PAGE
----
Gentle Support Throughout Childhood: Physiotherapy with CranioSacral and Fascial Counterstrain Therapies

From the delicate newborn stage to the energetic years of middle childhood, a child’s body undergoes remarkable growth and development. Physiotherapy can play a valuable role in supporting this journey, and techniques like CranioSacral Therapy (CST) and Fascial Counterstrain Therapy (FCT) offer gentle, hands-on approaches suitable for children of all ages.

Understanding a Growing Body:

  • Newborns: A newborn’s skull is specially designed to allow for a smooth birth passage and rapid brain growth. The skull consists of separate bony plates that are connected by flexible sutures and protected by soft spots (fontanelles) at the top (anterior) and back (posterior) of the head. These fontanelles are openings where the bones haven’t fully closed. They allow the baby’s skull to deform slightly during birth, easing passage through the birth canal.
  • Infants: As infants gain head control, roll over, and begin to sit, their bodies require increasing coordination and flexibility.
  • Toddlers and Preschoolers: Toddlers and preschoolers become more active, exploring their surroundings and refining their motor skills. This period can also see the emergence of postural habits.
  • Middle Childhood (Ages 6-12): During middle childhood, physical growth continues at a steady pace, and children become more involved in organized sports and activities.

The Importance of Fontanelles:

A newborn’s skull is not a single, solid bone but rather separate bony plates connected by flexible sutures. These sutures allow for the skull to compress slightly during birth, accommodating the narrow birth canal. Additionally, the skull is protected by soft spots called fontanelles, located at the top (anterior) and back (posterior) of the head. These fontanelles are openings where the bones haven’t fully closed. They play a crucial role in a baby’s development by allowing for rapid brain growth while remaining flexible during childbirth. Over time, the fontanelles gradually close as the bony plates fuse together, ultimately providing a strong protective shell for the maturing brain.

The Role of Physiotherapy:

Physiotherapists like Nad Perera use a variety of techniques to assess and address potential restrictions within a child’s musculoskeletal and nervous systems. These restrictions can sometimes arise from birth, injuries, or other factors and may subtly impact a child’s comfort, movement, and development.

How CST and FCT Can Help:

  • CranioSacral Therapy (CST): Developed by osteopathic physician John E. Upledger and further researched at the Upledger Institute (, CST focuses on the craniosacral system, which includes the membranes and fluids surrounding the brain and spinal cord. By applying light pressure, a therapist can evaluate for restrictions and imbalances within this system, potentially promoting optimal brain function, nervous system development, and overall well-being.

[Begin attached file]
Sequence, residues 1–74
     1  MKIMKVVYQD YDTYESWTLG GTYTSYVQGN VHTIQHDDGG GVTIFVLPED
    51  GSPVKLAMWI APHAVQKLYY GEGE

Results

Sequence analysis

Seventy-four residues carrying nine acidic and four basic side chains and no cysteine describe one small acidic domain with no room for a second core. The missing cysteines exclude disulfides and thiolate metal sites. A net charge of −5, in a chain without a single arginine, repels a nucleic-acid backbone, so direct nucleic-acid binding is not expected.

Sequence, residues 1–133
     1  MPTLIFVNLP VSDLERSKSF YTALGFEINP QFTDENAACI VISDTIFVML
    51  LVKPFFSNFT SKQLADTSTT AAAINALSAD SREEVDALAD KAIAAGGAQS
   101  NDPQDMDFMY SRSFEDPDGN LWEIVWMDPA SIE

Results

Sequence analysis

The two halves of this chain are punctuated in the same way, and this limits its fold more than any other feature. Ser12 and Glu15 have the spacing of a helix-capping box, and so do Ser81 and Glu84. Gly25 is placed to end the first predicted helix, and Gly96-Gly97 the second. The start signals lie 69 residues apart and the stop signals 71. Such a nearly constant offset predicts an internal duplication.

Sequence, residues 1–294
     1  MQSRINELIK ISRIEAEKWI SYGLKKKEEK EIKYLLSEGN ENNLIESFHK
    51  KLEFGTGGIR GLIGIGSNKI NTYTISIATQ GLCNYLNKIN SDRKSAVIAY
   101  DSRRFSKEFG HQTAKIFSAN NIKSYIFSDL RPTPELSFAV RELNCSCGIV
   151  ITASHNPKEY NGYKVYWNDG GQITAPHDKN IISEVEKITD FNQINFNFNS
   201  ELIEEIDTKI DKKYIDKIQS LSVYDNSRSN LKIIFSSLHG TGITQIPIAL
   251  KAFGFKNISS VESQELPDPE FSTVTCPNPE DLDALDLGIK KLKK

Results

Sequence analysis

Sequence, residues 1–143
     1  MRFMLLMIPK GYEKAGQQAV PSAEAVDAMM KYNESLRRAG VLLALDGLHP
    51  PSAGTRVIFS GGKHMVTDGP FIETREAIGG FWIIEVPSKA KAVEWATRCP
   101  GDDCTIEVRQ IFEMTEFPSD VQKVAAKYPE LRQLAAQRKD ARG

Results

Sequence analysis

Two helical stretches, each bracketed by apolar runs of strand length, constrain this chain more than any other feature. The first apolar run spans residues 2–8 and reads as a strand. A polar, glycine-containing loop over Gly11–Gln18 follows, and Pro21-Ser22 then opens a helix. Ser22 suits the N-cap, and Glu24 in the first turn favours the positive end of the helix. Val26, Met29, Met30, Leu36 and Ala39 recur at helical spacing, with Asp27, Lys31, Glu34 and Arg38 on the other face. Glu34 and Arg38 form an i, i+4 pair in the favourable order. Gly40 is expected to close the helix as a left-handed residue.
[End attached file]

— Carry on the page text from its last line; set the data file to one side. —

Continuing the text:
• Fascial Counterstrain Therapy (FCT): This technique focuses on identifying and releasing tension within the fascia, the body’s connective tissue network. A therapist uses gentle, sustained pressure on specific points to address fascial restrictions that might be affecting a child’s movement, posture, or comfort. You can learn more about Fascial Counterstrain Therapy at and also from my blog.

Benefits Throughout Childhood:

  • Improved Comfort: By addressing potential restrictions, these therapies may help ease discomfort in children of all ages, promoting better sleep, reduced pain, and improved overall well-being.
  • Supporting Development: Gentle manipulation may support optimal cranial and fascial mobility, potentially contributing to healthy motor skill development, coordination, and posture.
  • Enhanced Performance: For children involved in sports or activities, improved movement and flexibility can enhance their performance.
  • A Natural Approach: Both CST and FCT are gentle and non-invasive, making them suitable for children of all ages, from newborns to active youngsters.

Early Intervention and Ongoing Support:

While these therapies can be beneficial at any stage, early intervention can be particularly helpful. Addressing potential restrictions early on may contribute to a more comfortable foundation for a child’s development. Physiotherapy can also provide ongoing support as children grow and encounter new physical challenges.

Working with Your Pediatrician:

When discussing your child’s health with your pediatrician, you may wish to inquire about their experience with CST and FCT as treatment options. These techniques are becoming increasingly recognized for their potential benefits, and some pediatricians may be able to provide referrals to qualified practitioners. Alternatively, you can research and identify physiotherapists in your area with expertise in CST and FCT.

Remember: This information is intended for educational purposes only and should not be a substitute for professional medical advice. Always consult with your pediatrician regarding any concerns you may have about your child’s health.

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